Cloud Business Featured Article
BC/DR Needs Drive Cloud BusinessJanuary 10, 2013
By Erin Harrison, Executive Editor, Cloud Computing
When natural disasters occur, buildings can be repaired or even replaced if necessary, but business-critical data can be lost forever – seriously impeding a company’s ability to continue in the wake of a serious weather event like a hurricane or tornado.
Last fall, after Superstorm Sandy pummeled its way through the Northeast, millions were left without power, cable and phones for days on end – many people lost their homes and businesses and are still trying to rebuild. For many organizations, it was a lesson learned the hard way as IT leaders are now seriously evaluating whether their BC/DR plans are enough – or if they aren’t at all.
In fact, one of the drivers of cloud adoption is the need for business continuity/disaster recovery (BC/DR), with more businesses putting their software and data into the cloud – or seriously considering doing so.
However, Sandy was so powerful that it took down several major cloud computing companies, including Amazon Web Services (News - Alert), for a period of time – proving that even the cloud is not always tough enough to weather a serious storm. But in reality, most cloud businesses are more resistant to extreme weather than on-premise servers, with generators kicking in shortly after a disaster strikes.
“At several data centers along the eastern seaboard, data centers lost grid-based power but then immediately switched over to emergency generators,” IT consultant Robert Shaw explained in a blog post. “For many cloud companies, it was only when their generators were running out of fuel that they began shutting down servers. Such an organized shutdown is far safer than sudden power disruptions at a typical home or office, which are often responsible for hardware damage and data corruption.”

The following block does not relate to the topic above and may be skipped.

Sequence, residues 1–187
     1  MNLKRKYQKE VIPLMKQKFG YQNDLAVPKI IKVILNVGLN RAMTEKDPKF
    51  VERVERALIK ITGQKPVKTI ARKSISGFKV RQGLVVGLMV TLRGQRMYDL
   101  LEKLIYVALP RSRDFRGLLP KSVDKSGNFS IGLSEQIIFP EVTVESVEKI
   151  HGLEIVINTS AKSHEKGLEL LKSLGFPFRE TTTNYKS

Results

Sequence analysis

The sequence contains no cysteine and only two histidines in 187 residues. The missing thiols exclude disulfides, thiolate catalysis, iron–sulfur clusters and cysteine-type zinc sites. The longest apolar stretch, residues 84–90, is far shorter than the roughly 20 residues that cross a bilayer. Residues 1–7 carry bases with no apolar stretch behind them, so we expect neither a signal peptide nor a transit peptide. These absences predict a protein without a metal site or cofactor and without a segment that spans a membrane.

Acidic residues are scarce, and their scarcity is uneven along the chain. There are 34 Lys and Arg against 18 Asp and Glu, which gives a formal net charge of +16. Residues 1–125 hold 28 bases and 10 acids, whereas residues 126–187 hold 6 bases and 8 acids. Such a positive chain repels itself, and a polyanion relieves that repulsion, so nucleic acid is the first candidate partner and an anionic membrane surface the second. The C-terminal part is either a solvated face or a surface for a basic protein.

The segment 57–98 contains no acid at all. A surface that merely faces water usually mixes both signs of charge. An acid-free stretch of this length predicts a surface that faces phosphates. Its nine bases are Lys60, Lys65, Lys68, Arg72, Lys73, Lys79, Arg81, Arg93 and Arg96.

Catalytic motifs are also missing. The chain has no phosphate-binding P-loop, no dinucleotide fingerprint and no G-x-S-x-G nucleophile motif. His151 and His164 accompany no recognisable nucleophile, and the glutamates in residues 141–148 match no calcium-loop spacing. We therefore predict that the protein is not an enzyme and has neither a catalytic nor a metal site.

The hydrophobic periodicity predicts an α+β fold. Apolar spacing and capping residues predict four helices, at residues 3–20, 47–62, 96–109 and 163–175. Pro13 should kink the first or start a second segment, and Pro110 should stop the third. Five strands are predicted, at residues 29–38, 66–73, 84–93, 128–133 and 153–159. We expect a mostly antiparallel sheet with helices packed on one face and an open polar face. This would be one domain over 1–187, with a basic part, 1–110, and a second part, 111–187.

Meanwhile, cloud businesses like Reis Information Systems in Canada are helping more businesses use the cloud. Putting information in the cloud not only helps businesses in the event of a disaster, it allows them to reduce the cost of buying and maintaining their own servers, according to Henrique Reis, the company’s founder.
“The clients love the fact that they don’t have to manage the hardware,” Reis told The Record.
Because BC/DR is often an expensive endeavor, many businesses hope to skate by without incident, and try to remember to back up all of their mission-critical data. But the onset of cloud-based storage has given businesses a more affordable and reliable option for backup service.
While Amazon is a popular storage option for many businesses, Reis contends that many of his clients prefer to store their data at his firm in Canada, which has data centers in Waterloo, Ottawa and Edmonton.
If anything was learned by businesses in the aftermath of Sandy, it’s that IT decision makers should consider bringing in an experienced cloud business to help their team address potential challenges and implement a solid BC/DR strategy.
Want to learn more about cloud computing solutions geared specifically towards small to medium-sized businesses? Don’t miss the Cloud4SMB Expo, collocated with ITEXPO Miami 2013, Jan 29- Feb. 1 in Miami, Florida. Stay in touch with everything happening at Cloud4SMB Expo. Follow us on Twitter.
Edited by Amanda Ciccatelli
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